Enfilade

New Book | Edward the Black Prince in Georgian and Victorian England

Posted in books by Editor on December 4, 2017

From Boydell & Brewer:

Barbara Gribling, The Image of Edward the Black Prince in Georgian and Victorian England: Negotiating the Late Medieval Past (London: Royal Historical Society, 2017), 189 pages, ISBN: 9780861933426, $90.

During the Georgian and Victorian periods, the fourteenth-century hero Edward the Black Prince became an object of cultural fascination and celebration: he and his battles played an important part in a wider reimagining of the British as a martial people, reinforced by an interest in chivalric character and a burgeoning nationalism. Drawing on a wealth of literature, histories, drama, art, and material culture, this book explores the uses of Edward’s image in debates about politics, character, war, and empire, assessing the contradictory meanings ascribed to the late Middle Ages by groups ranging from royals to radicals. It makes a special claim for the importance of the fourteenth century as a time of heroic virtues, chivalric escapades, royal power, and parliamentary development, adding to a growing literature on Georgian uses of the past by exposing an active royal and popular investment in the medieval. Disputing current assumptions that the Middle Ages represented a romanticized and unproblematic past, it shows how this investment was increasingly contested in the Victorian era.

C O N T E N T S

Introduction
Royal Associations: Heroic Character and Chivalric Ceremony at the Court of George III
Prince George Reclaims the Heroic? Transition, Ambition, and Domesticity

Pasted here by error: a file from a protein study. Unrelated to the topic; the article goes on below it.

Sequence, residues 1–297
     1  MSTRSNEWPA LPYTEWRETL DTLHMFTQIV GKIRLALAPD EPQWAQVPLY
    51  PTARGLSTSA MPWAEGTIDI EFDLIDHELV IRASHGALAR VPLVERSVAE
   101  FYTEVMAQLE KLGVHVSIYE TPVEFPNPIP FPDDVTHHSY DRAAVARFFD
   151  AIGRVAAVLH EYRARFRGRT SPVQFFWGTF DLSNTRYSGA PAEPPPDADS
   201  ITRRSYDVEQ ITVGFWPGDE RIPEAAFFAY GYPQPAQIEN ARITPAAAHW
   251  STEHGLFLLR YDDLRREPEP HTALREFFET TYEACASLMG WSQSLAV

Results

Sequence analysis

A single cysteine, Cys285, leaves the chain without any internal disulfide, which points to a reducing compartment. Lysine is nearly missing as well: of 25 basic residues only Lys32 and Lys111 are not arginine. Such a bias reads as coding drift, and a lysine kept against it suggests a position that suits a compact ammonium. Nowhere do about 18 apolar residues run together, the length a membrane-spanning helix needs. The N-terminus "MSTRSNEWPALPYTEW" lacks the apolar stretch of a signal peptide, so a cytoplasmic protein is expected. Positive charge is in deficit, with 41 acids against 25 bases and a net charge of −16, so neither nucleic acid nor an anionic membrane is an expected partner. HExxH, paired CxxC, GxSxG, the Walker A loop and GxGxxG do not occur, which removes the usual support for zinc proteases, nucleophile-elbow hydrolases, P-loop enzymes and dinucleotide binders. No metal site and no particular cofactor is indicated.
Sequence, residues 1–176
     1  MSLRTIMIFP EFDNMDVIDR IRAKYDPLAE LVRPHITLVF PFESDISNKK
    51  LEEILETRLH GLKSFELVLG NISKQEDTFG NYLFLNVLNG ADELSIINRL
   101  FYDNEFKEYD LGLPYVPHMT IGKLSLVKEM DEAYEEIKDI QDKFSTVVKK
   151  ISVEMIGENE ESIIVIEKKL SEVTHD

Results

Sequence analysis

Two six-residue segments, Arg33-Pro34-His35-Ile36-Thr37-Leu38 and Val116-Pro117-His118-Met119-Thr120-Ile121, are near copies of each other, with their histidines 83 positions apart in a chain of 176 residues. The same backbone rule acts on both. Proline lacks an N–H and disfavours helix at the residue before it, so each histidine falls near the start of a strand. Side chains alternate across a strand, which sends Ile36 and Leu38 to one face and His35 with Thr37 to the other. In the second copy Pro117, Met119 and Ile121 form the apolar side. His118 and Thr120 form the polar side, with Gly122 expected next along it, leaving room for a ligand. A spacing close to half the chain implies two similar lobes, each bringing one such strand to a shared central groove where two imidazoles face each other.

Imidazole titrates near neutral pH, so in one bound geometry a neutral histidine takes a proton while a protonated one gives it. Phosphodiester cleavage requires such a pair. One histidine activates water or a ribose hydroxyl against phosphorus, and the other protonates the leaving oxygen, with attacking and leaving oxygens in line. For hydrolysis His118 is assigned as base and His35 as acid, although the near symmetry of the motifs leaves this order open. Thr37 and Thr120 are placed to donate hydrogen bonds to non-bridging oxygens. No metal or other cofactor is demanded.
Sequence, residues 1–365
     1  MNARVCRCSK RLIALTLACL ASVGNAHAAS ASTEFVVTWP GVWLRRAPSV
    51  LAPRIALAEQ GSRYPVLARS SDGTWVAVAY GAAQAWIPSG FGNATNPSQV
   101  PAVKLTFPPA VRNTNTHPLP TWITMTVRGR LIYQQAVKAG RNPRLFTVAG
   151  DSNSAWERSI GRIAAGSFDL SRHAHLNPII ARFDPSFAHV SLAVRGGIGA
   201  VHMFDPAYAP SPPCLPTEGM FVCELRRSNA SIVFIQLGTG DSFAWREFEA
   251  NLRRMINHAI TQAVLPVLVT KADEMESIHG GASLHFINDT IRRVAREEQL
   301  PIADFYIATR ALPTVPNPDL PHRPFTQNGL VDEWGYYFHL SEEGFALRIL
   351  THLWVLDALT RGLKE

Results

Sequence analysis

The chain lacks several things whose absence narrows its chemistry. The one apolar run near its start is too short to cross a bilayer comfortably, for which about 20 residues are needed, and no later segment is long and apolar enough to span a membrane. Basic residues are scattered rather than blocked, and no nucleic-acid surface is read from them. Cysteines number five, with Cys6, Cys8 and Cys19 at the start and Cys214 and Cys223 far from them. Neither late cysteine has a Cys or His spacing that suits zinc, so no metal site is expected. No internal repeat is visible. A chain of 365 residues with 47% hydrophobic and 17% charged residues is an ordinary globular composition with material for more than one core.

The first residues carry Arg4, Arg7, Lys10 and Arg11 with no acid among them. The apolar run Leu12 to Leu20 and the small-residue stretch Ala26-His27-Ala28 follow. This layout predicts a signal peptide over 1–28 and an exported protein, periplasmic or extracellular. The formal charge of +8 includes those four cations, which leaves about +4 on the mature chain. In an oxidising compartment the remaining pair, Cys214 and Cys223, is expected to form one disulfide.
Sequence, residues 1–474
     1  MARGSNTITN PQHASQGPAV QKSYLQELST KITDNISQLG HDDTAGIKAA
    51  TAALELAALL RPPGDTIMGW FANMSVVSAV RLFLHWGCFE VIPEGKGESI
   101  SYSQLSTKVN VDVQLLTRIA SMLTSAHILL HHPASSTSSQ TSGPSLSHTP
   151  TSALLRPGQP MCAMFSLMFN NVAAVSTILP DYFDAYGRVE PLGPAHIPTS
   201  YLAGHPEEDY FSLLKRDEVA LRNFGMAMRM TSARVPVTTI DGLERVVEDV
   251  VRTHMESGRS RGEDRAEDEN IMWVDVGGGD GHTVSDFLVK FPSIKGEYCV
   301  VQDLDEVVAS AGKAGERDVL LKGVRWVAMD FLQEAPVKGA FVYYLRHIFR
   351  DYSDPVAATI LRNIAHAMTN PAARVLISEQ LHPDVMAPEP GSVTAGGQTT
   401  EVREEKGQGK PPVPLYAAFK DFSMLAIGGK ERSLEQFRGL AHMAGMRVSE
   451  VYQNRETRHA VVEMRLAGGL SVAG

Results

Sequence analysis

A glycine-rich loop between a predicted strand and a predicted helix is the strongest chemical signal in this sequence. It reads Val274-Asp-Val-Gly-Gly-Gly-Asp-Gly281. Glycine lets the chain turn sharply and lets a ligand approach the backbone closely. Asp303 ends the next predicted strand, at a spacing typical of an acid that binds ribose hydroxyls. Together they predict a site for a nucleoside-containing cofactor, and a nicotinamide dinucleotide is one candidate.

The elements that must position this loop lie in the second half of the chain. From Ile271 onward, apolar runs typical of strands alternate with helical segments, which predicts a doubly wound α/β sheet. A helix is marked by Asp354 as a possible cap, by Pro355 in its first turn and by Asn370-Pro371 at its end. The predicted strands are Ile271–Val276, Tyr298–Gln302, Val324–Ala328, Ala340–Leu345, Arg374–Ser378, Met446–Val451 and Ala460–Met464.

Chivalry and Politics in Victoria’s Early Reign: Art, Exhibitions and Palace Renditions
Politics, Parliament, and the People’s Prince
Emulating Edward? Redefining Chivalry and Character
Warrior for Nation and Empire
Conclusion

The Launch of the King’s Friends Network

Posted in resources by Editor on December 4, 2017

From the Georgian Papers Programme:

10 November 2017 saw an important milestone in the evolution of the Georgian Papers Programme with the public launch of The King’s Friends network. The King’s Friends is a free-to-join international community of those whose work stands to benefit from the digitization of the Georgian papers in the Royal Archives, and who in turn can help make the project a success. We hope that a very wide range of researchers working on eighteenth-century or early nineteenth-century themes will join the King’s Friends network, and find it of use and interest in research not only on themes closely related to the history of the British monarchy and its jurisdictions, but to a whole range of topics from the histories of science, agriculture and medicine to the histories of gender and interpersonal relations, and the histories of art, collections, consumption, food and fashion, to mention just a few!

Click here to learn more and join the King’s Friends Network.